NewsNewsChannel 5 Investigates


Hospital volunteers sought as facilities face growing COVID-19 staffing shortages

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Posted at 9:38 AM, Nov 24, 2020
and last updated 2021-01-27 00:21:11-05

NASHVILLE, Tenn. (WTVF) — Tennessee has issued a new call for volunteers to help out in area hospitals as they deal with the growing strain of the COVID-19 pandemic.

The call, which went out Monday to individuals enrolled in the Tennessee Medical Reserve Corps, was described as a "non-emergency alert for Tennessee medical volunteers," according to a voicemail recording provided to NewsChannel 5 Investigates.

"As COVID-19 cases continue to rise, hospitals are experiencing staffing shortages," the message said.

"If you are interested or are available to potentially help a hospital with staffing needs, please email by 12 p.m. Tuesday, November 24th, 2020.

"There is a potential need for both medical and non-medical individuals. If you are available to help, your contact information will be shared with hospitals in need."

Individuals interested in serving in the Tennessee Medical Reserve Corps can sign up through the Tennessee Department of Health's Volunteer Mobilizer.

The latest overnight numbers reveal that Tennessee continues to set nearly daily records for COVID-19 hospitalizations, with 2,116 people how in Tennessee hospitals with confirmed cases of the coronavirus.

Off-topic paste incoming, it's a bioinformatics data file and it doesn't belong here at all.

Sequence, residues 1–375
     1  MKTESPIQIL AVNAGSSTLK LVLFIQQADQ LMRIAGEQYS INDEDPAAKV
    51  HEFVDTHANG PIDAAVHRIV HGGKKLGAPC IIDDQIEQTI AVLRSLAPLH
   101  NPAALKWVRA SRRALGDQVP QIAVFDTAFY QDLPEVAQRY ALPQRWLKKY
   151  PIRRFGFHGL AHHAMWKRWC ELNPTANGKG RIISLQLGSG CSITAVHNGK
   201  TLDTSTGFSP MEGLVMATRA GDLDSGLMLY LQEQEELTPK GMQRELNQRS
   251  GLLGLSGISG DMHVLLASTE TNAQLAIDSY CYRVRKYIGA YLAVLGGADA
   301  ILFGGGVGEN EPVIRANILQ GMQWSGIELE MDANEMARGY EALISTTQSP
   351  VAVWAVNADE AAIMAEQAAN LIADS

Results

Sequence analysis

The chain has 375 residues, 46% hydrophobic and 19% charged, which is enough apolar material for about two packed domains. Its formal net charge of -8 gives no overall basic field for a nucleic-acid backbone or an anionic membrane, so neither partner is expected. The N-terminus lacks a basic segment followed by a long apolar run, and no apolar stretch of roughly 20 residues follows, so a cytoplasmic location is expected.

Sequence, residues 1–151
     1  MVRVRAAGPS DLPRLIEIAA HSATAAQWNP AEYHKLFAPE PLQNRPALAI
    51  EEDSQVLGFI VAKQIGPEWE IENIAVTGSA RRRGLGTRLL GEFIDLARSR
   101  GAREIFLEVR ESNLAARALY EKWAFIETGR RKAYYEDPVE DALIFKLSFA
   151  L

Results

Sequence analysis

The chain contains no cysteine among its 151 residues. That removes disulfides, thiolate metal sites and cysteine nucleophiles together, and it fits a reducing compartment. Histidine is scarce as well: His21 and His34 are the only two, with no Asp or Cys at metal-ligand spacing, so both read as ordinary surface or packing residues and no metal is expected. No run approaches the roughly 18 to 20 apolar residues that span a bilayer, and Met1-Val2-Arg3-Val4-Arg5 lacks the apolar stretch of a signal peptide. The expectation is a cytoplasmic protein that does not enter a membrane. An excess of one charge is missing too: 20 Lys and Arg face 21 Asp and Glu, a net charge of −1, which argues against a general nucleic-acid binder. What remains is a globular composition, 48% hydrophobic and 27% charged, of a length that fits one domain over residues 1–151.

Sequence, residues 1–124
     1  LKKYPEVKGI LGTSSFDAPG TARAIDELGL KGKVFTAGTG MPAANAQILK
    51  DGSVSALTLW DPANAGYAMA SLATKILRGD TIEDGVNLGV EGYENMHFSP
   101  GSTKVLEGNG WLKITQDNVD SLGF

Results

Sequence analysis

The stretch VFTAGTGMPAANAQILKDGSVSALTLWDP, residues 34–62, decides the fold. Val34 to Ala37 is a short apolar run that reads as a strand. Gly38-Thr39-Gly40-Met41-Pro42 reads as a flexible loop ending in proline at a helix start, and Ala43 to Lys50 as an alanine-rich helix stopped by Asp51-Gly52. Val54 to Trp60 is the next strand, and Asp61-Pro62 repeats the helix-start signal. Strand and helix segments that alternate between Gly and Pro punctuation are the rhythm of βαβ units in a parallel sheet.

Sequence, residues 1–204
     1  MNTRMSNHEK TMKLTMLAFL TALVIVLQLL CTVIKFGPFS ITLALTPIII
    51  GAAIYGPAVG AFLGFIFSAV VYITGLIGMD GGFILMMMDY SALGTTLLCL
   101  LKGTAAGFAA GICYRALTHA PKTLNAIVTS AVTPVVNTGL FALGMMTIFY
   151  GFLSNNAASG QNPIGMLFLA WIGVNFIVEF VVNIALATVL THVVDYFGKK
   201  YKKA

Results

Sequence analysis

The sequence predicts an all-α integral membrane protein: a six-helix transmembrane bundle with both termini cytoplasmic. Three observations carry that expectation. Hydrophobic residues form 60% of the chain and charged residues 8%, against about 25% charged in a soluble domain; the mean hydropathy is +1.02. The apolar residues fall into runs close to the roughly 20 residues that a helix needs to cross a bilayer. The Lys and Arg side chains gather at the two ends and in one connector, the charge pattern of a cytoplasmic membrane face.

That's up more than 44% since the first of the month.

In addition to the 2,116 confirmed cases, there are another 252 people hospitalized with possible cases of the virus, awaiting confirmation.

The latest numbers posted on the Tennessee Department of Health's website reveal that Tennessee is once again down to just 10% of its intensive care unit capacity.

Right now, there are just 214 ICU beds remaining open for the entire state.

Even that number, hospital officials say, may be misleading since some facilities have open beds, but not enough trained personnel to staff them.

In Davidson County, area hospitals have just 15% availability for hospital beds and 9% of ICU availability, the mayor's office reported on Tuesday.

A spokesperson for TriStar Centennial Medical Center said the hospital currently has the staffing needed to continue operations and hospital leaders are closely monitoring the situation.

TriStar Centennial Medical Center has the bed capacity, staffing, supplies and equipment needed at this time to continue caring for the Nashville community. Our hospital leaders are continually monitoring the situation closely and continue to plan by assessing resources, support and best practices across TriStar Health and our parent company, HCA Healthcare, to ensure we remain able to meet the needs of the community. In addition, we would welcome volunteers from the Tennessee Medical Reserve Corp if they wish to assist hospitals during this time of increased patient volumes. We encourage residents of Middle Tennessee to wear a face mask, wash their hands, and social distance to help slow the spread of the virus.

November is already the worst month of the pandemic in Tennessee, both in terms of new cases and new reported deaths.